A recent proposal by PACT, the Producers Association for Cinema and Television, to strengthen UK film producer’s businesses by allowing them to retain 100% of the revenue earned on public investment in their films has, on the face of it, much to recommend it.  Like the ‘automatic’ schemes in France and other countries it would give producers a greater equity stake in their productions and, for those (few) that are successful, generate more funds to reinvest in future projects.  On the other hand the film funds, like the UK Film Council and Scottish Screen, would lose out as they would no longer see a financial return on successful investments with which to top up their (declining) Lottery investment pots.

But there is a hidden and rather more worrying aspect to this proposal which would directly impact on Scottish producers.  Of the £37million of Lottery funds which Scottish Screen disbursed between 2002 and the end of 2009, over a quarter (£9.5m) went to London based companies. (This compares to just over £1m of UK Film Council feature film investment that went to Scottish based companies in the same period). Should PACT’s policy be taken up in Scotland then its entirely possible that profits from investment by (what will soon be) Creative Scotland in projects produced by companies in London or elsewhere in England will then be recycled into projects with no direct benefit to Scottish film industry or culture.  The present system, whatever its other failings, at least ensures that the admittedly meagre returns (approx 5%) are retained for investment in either Scottish based projects or Scottish based companies.

Let us hope that this downside features in Scottish Screen/Creative Scotland’s discussions with PACT.

Creative Scotland is born but Scottish Screen may still bark

Reading the debate that finally ushered into being Creative Scotland is only marginally more entertaining than watching paint dry, if only because its possible to skip the most tedious parts to get to the slightly less tedious.  One can’t help wondering who nobbled the tories to try and secure an ammendment to the Bill to give CS the title “lead body” which, if you believe its opponents, would have set it above the national companies, Museums Scotland etc.  Pauline McNeill (Glasgow Kelvin) (Lab) bemoaned the non-transfer of Scottish Enterprise’s creative industries budget (something SE bods like to deny exists) to the new body and the potential loss of the Scottish Screen brand so  doggedly built over the past decade.  Culture minister Fiona Hyslop didn’t comment on the SE issue but she did hold open the prospect of the Scottish Screen scottie dog continuing to wag its tail if Andrew Dixon and his soon to be appointed board feel so inclined:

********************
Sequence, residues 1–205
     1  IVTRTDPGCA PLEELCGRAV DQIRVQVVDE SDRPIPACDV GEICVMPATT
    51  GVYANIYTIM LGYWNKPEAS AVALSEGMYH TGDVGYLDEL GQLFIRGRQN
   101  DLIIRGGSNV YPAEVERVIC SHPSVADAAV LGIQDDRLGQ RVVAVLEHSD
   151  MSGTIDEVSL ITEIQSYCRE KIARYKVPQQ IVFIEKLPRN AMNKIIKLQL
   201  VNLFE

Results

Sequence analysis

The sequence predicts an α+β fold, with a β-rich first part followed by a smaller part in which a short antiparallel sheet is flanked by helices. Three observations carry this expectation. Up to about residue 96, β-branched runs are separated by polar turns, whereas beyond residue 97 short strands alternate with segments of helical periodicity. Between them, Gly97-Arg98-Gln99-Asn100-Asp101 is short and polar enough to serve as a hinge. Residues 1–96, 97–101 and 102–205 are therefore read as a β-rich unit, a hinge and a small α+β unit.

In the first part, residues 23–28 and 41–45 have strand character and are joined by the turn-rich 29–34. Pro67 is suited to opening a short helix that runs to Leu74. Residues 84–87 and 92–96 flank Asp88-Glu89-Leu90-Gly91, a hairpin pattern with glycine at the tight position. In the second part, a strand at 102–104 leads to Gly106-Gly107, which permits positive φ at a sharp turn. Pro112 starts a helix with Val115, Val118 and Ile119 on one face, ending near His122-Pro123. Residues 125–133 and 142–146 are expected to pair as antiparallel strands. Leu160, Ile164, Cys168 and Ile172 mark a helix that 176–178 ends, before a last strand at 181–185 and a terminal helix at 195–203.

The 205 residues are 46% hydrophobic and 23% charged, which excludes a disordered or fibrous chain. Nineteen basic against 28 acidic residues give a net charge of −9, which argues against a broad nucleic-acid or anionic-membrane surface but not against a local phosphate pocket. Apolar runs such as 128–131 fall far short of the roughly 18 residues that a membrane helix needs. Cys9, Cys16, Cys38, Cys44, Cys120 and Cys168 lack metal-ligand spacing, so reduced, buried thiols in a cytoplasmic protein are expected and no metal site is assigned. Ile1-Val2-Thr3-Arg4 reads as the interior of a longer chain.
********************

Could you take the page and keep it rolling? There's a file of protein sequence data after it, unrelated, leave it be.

” I say to Pauline McNeill that the use of the Scottish Screen brand will be an operational matter for creative Scotland, and I will pass on her remarks to the body.”

So good news for the (‘when we thought we might lose it we realised how much we loved it’) film-making community not to mention dog lovers.  Speaking of the latter Scottish Terrier lovers can get a further film-related fix with an account of how a Coraline Animator got 200 Scottie dogs doing their thing. 

Have a good weekend.

Creative Scotland inspires our friends across the sea

Hardly out of its nappies and Creative Scotland is already being cited as a model for others to follow.  Making the case in the Irish Times for a joined up department of culture and creative industries, Gráinne Millar (head of Temple Bar Cultural Trust) offers a refreshingly upbeat description of our almost-there-now agency as “a radical, innovative new statutory non-departmental public body responsible for developing and promoting culture.”    If nothing else this counts as a belated vindication of whichever nameless civil servant had the brilliant idea of replacing QUANGO with NDBP thus coining a much more melodious acronym for arms-length bodies (if you don’t believe me just try replacing ‘non-departmental public body’ with ‘Quasi autonomous non-governmental organisation’ – see?).